Counter-Strike: Global Offensive (CS:GO), having been a fully free-to-play game for 3 years, will now make gamers pay to play the first-person shooter in a competitive manner. On the surface, it may seem like an attempt to attain incremental revenues, but it could be the solution to its ever-apparent cheating problem.
Since the series' creation in 1999 by Vietnamese-Canadian Minh Le, Counter-Strike has been synonymous with competitive gaming itself and is largely considered one of the most influential first-person shooter games in history.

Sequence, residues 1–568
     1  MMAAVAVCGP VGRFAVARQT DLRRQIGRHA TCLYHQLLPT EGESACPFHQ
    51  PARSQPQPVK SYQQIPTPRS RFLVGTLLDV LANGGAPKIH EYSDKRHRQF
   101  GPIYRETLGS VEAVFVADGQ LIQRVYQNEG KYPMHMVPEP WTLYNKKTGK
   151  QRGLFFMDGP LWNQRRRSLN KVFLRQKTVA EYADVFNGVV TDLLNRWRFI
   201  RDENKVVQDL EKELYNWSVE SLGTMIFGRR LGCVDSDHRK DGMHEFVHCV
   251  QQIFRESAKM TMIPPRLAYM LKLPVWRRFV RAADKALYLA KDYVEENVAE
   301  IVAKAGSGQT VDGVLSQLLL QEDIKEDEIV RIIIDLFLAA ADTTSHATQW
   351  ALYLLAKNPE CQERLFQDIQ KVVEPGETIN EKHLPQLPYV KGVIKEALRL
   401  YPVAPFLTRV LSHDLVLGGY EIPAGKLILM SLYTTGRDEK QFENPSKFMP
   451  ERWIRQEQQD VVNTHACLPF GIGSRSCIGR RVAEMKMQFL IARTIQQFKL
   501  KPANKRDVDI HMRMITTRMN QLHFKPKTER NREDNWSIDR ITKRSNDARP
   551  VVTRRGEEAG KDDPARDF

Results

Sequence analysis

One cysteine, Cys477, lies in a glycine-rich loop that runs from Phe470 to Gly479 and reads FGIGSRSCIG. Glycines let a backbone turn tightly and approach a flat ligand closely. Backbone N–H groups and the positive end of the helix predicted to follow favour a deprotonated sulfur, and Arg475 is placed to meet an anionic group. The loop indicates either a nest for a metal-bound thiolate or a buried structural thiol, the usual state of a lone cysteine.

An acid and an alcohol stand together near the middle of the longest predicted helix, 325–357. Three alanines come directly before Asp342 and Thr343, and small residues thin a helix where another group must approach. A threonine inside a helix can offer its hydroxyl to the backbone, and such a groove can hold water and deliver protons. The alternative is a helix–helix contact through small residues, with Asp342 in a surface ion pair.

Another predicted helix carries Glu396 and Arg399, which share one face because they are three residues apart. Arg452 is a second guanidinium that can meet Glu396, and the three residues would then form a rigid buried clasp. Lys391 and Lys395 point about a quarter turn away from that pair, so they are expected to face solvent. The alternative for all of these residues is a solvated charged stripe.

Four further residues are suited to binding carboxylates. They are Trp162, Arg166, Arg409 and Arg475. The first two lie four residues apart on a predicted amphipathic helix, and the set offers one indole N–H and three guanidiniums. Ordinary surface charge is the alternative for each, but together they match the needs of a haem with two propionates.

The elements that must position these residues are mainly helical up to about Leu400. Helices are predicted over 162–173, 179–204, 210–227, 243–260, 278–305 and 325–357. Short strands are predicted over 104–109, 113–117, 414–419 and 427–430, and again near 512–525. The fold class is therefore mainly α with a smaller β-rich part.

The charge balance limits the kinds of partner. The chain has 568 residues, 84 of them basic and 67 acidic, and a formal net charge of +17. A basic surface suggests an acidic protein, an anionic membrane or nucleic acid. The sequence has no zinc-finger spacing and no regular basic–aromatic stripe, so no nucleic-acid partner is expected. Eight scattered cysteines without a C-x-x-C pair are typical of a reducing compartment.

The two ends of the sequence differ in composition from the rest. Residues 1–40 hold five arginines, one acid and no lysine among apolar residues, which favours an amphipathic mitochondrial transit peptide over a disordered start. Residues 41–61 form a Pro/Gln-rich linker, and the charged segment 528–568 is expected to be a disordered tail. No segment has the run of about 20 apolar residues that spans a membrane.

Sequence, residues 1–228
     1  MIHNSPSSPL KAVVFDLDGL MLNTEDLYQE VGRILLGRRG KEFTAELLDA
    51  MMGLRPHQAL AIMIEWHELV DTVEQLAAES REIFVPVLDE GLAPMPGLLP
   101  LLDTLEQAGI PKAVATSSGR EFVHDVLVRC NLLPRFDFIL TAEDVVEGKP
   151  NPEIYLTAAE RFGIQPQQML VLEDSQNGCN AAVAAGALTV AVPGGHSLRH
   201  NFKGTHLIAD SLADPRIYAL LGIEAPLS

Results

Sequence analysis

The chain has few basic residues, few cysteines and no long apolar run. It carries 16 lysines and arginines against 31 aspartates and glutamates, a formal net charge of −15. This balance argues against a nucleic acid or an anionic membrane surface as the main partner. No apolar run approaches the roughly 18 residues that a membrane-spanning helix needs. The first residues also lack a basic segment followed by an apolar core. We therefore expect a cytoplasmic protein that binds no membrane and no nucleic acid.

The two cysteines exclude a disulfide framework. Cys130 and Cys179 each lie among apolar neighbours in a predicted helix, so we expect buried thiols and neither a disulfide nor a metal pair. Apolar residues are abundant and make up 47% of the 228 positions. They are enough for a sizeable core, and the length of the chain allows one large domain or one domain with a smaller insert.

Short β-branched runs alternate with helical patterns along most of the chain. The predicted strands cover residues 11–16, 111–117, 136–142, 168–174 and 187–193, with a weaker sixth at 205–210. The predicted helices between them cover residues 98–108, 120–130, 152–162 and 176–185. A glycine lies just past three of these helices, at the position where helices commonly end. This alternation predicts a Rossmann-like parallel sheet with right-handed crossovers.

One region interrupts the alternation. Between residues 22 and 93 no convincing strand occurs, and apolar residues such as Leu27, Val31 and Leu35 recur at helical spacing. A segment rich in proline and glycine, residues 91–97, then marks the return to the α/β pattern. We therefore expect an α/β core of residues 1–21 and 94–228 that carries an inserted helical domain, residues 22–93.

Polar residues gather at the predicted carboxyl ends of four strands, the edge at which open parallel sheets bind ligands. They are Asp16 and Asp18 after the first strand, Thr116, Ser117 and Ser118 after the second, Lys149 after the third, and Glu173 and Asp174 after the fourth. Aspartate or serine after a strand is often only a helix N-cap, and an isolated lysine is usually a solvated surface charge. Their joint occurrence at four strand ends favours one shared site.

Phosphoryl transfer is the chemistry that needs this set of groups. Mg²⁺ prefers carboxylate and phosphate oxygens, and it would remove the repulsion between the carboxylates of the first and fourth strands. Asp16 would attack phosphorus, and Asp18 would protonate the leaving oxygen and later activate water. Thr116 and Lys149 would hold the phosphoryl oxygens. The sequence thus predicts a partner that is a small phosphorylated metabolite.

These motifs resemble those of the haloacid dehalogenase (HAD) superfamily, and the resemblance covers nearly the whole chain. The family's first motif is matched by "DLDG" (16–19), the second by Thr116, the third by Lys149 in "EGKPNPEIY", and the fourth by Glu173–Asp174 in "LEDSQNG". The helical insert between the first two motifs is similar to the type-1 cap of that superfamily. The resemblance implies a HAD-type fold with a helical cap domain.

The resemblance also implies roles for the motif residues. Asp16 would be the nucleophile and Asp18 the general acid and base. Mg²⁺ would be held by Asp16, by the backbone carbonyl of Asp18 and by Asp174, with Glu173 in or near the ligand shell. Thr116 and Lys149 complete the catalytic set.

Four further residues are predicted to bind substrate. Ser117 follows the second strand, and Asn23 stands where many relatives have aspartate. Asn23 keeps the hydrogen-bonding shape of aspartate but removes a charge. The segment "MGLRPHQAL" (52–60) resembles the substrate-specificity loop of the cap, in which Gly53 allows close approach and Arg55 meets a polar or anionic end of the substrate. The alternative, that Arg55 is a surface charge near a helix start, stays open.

Now, players will have to pay to gain full access to the games features.
Simply put, CS:GO has had a cheating problem for a long time, even at the highest levels of play.
On the other hand, the move limits how accessible the game is for new audiences.
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